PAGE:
The summer edition of The Catalyst, publication of Citizens for Public Justice, has published a number of books reviews, including mine of a book by Alison Loat and Michael MacMillan, who lead an organization called Samara. Other books reviewed in this issue include those by ecologist Wendell Berry, Naomi Klein and John Ralston Saul and I encourage you to go The Catalyst website and to read them. Please find below my review below. Continue reading Tragedy in the Commons: Former Members of Parliament Speak Out About Canada’s Failing Democracy
The history of conflict in Northern Ireland is such that there has been a long and bitter disagreement over the name of one of its historic cities. The locals, a majority of them Catholics and nationalists, call it Derry, while Protestants and British loyalists call it Londonderry, the name introduced when the Crown planted London merchants along with English and Scottish Protestant settlers in the city and region in the 1600s to gain control. There has even been a court case over the name which began in the 1980s and did not end until 2007. The British high court ruled that city’s official name remains Londonderry. Continue reading Derry-Londonderry: from conflict to peace and inclusion
In his recent encyclical, Pope Francis may succeed in ways that the earnest scientists of the International Panel on Climate Change (IPCC) have not. The world’s foremost climate experts have issued a series of ever more urgent reports about looming ecological catastrophe if we don’t mitigate human-induced climate change. Those reports are factual and credible, yet astute political observers tell us that most people act — and vote — on the basis of deeply held values rather than facts. Continue reading Pontiff’s ‘grand message’: Pope Francis calls for spiritual and environmental revolution
My wife Martha Wiebe and I were in Spain to hike the Camino de Santiago (the Way of St. James) in September and October of 2014. We chose to start in Pamplona but our destination was the pilgrim city of Santiago de Compostela about 700 kilometres away through five autonomous regions and most of the distance across the north of Spain. We spent a month walking the trail and most days I posted to Facebook about what we were seeing, hearing and experiencing. I have revised and fact checked that material and added more content. I will post 31 pieces to this blog in the coming days and weeks. This is a pilgrims’ travelogue and is not meant to be a practical guide to preparing for and walking the Camino. There are, however, many hints embedded in the writing that will make it useful for those planning to make the pilgrimage. I hope that you enjoy what you read here. If you are so inclined, please send me a note via the Comments section found at the end of the piece. Continue reading Canadians on the Camino, Day 1: In Pamplona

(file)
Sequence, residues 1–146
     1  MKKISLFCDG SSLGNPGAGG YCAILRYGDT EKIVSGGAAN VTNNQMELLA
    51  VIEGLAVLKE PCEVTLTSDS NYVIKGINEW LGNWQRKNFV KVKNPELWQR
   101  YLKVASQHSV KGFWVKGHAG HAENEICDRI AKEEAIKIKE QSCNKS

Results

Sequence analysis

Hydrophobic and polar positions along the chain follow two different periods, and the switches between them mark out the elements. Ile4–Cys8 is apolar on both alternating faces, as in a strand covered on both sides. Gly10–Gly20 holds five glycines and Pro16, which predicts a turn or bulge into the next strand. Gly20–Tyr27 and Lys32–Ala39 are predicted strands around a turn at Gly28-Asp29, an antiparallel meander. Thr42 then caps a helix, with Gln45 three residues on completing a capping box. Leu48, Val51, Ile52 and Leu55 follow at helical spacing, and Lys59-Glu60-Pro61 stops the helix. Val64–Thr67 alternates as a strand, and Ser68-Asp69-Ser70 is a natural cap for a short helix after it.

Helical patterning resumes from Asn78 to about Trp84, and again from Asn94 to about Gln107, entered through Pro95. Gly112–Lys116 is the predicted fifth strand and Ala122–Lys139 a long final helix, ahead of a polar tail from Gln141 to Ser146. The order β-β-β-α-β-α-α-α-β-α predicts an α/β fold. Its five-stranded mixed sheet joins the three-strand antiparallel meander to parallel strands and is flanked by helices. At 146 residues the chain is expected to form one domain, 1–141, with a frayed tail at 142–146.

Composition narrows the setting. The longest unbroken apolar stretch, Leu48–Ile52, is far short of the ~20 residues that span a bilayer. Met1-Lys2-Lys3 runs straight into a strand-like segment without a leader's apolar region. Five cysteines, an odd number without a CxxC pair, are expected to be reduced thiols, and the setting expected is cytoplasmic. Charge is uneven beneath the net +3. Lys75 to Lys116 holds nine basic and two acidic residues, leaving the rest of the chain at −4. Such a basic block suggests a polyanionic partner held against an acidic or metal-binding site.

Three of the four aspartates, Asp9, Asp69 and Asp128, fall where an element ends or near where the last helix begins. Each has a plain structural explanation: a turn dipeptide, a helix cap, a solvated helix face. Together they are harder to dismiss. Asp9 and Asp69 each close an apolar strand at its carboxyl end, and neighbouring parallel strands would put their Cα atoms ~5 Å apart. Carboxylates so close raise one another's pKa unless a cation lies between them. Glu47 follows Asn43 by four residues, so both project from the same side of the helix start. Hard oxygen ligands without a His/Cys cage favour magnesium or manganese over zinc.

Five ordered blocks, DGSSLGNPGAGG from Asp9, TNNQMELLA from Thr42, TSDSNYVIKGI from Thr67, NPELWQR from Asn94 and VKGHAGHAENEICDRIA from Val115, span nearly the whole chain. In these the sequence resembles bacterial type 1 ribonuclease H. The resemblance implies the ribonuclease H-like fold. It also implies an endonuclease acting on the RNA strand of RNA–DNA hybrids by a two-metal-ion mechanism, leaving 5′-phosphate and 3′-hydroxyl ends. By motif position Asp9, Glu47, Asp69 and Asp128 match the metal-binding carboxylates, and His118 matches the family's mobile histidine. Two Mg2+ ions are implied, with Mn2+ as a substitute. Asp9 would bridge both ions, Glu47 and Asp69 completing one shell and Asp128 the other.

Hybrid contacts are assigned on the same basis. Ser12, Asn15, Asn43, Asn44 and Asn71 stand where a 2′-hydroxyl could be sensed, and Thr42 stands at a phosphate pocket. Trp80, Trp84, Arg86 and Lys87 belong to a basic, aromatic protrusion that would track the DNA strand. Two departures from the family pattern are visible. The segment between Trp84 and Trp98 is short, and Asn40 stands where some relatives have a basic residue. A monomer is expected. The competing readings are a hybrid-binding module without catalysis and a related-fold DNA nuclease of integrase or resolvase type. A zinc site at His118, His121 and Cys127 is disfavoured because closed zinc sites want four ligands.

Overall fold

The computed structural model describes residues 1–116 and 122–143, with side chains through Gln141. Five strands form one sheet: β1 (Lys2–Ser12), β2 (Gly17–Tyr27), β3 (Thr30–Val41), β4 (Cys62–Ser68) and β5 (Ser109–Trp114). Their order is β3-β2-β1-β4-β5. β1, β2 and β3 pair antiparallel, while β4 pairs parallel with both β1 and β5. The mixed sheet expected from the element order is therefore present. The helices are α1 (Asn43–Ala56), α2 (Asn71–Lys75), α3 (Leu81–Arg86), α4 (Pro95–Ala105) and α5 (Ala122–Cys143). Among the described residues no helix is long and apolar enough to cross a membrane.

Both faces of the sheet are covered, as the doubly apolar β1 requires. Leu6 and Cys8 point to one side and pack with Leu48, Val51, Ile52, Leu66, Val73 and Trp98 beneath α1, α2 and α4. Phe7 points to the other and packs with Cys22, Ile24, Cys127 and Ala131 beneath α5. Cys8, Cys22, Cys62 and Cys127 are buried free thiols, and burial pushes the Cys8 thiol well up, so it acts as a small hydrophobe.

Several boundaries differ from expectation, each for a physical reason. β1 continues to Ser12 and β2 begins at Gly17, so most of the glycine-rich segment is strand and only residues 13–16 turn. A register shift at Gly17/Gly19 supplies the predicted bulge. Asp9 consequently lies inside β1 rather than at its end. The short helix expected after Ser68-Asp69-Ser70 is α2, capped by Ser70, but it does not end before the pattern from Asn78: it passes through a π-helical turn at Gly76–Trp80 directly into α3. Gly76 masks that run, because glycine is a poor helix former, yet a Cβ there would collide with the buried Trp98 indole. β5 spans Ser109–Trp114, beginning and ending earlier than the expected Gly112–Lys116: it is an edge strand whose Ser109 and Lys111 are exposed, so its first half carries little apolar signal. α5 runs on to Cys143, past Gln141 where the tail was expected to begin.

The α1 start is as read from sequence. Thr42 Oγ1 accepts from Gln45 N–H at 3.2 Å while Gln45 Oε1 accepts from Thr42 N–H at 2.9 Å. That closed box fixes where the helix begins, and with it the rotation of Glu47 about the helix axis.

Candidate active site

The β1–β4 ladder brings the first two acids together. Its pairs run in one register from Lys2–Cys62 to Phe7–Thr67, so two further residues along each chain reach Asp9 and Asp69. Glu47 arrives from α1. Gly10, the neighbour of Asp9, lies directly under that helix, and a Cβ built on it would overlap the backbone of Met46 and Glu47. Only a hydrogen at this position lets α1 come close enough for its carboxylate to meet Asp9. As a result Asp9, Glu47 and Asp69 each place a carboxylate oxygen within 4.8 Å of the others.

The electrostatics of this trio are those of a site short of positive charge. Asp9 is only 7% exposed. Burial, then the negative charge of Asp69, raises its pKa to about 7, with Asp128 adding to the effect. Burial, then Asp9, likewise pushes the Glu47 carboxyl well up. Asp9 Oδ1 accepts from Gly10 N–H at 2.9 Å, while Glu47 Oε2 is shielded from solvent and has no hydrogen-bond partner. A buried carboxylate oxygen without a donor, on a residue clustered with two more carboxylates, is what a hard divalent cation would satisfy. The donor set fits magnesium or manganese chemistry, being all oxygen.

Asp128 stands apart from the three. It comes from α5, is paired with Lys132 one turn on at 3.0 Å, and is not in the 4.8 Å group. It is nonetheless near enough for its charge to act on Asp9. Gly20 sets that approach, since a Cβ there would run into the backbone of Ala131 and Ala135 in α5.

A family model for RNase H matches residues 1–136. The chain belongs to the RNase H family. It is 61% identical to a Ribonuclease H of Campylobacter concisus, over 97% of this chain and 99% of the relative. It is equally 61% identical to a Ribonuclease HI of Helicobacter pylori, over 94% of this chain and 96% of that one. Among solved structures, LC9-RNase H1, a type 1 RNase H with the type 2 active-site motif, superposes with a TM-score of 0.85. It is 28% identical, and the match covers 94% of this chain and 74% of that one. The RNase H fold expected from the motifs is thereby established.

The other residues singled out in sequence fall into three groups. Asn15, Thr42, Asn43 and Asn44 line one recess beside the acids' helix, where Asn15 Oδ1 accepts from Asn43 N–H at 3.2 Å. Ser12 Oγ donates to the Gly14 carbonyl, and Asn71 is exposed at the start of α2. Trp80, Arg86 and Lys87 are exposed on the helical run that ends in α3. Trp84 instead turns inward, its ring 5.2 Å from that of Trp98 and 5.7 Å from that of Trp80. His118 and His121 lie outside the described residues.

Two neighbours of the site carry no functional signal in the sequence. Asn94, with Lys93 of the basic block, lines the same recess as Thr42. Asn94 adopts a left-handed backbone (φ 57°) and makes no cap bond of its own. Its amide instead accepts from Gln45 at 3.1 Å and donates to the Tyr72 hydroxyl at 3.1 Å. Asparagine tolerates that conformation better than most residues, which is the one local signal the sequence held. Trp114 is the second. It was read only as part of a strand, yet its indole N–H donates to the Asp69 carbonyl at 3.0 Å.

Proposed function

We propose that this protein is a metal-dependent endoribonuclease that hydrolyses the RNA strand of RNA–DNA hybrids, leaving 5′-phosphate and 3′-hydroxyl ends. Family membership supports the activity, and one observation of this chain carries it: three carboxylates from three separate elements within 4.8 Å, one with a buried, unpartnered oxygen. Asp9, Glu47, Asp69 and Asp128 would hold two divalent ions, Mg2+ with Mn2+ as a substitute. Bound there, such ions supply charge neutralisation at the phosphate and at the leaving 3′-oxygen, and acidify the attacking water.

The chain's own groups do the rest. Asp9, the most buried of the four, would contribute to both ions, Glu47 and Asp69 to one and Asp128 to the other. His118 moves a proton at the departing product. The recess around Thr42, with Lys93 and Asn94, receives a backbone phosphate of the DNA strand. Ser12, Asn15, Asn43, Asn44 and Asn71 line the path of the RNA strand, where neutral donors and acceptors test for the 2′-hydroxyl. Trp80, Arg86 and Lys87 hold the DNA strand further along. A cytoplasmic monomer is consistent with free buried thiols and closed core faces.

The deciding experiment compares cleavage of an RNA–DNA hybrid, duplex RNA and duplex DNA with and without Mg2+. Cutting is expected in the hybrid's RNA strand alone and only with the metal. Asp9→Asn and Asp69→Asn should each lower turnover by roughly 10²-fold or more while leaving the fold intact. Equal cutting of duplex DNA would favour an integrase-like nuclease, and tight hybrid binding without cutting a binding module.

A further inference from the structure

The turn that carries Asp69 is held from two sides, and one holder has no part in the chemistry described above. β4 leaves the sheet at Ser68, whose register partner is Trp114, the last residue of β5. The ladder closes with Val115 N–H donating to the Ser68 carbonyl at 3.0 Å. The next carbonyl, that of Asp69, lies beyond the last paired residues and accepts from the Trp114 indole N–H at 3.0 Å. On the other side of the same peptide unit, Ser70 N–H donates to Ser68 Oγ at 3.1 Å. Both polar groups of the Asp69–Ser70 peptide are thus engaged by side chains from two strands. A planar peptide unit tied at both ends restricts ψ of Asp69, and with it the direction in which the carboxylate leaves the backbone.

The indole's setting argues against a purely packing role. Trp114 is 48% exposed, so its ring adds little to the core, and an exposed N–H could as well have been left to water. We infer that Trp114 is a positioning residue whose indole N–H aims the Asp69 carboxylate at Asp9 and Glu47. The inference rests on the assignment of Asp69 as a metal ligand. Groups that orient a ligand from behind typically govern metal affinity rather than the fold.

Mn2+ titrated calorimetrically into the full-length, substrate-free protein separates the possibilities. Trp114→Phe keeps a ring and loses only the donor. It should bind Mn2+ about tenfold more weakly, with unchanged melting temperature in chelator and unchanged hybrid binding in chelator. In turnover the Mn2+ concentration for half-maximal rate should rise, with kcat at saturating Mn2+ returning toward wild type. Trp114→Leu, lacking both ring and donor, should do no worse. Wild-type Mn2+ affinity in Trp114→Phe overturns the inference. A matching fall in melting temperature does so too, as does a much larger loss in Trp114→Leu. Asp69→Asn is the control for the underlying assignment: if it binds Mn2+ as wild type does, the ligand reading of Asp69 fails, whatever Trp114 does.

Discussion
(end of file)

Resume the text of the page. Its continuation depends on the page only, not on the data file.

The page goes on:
If Murray Thomson wasn’t a pacifist, you might call him a happy warrior. The 92-year-old Order of Canada (OC) recipient is on the phone constantly from his retirement residence in Ottawa. He is trying to convince all of his fellow OC recipients to support a UN call to entirely eliminate nuclear weapons. Continue reading Happy warriors: Order of Canada recipients call for the elimination of nukes
We rise early and in the dark to take the breakfast provided by our hotel. We will each be carrying backpacks, mine a 44-litre Osprey which weighs about 10 kilos (just over 20 pounds) when packed, while Martha’s is a 30-litre pack and will weigh about seven kilos. We took considerable care in buying our equipment and in packing but we wonder what it will be like carrying those packs when temperatures reach the mid-30s as they have in the afternoons since we arrived in Spain.
We are moderately fit and we did undertake some training in Ottawa where we live. We walked more than usual during July and August, often 10 to 20 kilometres per outing while carrying full packs and water. Our favourite trails were one around Dow’s Lake near our home in the city, as well as others in the heavily wooded Gatineau Park near Ottawa. We walked about 350 kilometres in those two months to build up endurance and to break in our new hiking shoes. Continue reading Canadians on the Camino, Day 2: Alto de Perdón
We are on the road in the dark prior to 7:00 a.m. to avoid the heat of the day – and to get a spot in an albergue in Estella, a larger town of 14,000 which is 22 kilometres down the road. We begin by walking down the main street in Puente de Reina and cross an impressive 12th century Roman bridge over the Rio Arga. We are hiking the Camino Frances, the most popular of the pilgrim routes, but just beyond the bridge here another trail from France joins ours. We have been cautioned not to take the wrong fork, which would lead us back along a trail toward another destination in France. Continue reading Canadians on the Camino, Day 3: Blessing the pilgrims
As we leave Estella early this (Sunday) morning, we encounter various groups of young Spaniards who are staggering home, likely after partying through the night. They are really drunk but also friendly. Most of today’s 22 kilometre walk is through lovely vineyard country. Just west of Estella, we come upon a fountain, not of water but of free red wine provided by the company Bodegas Irache. It is a little early for that but we sample it anyway, although there is only a thin dribble of wine remaining. Perhaps those young people were there before us.
We walk among vineyards throughout much of the day with the conical peak of Mount Monjardin always present nearby and a dark line of higher mountains off in the distance. It is misty in the morning and we fear that it may rain but the day is mainly sunny. The temperature again reaches the mid-30s by early afternoon and we are dragging when we finally arrive in Los Arcos, population 1,200 and declining. Continue reading Canadians on the Camino, Day 4: Los Arcos and the martyrs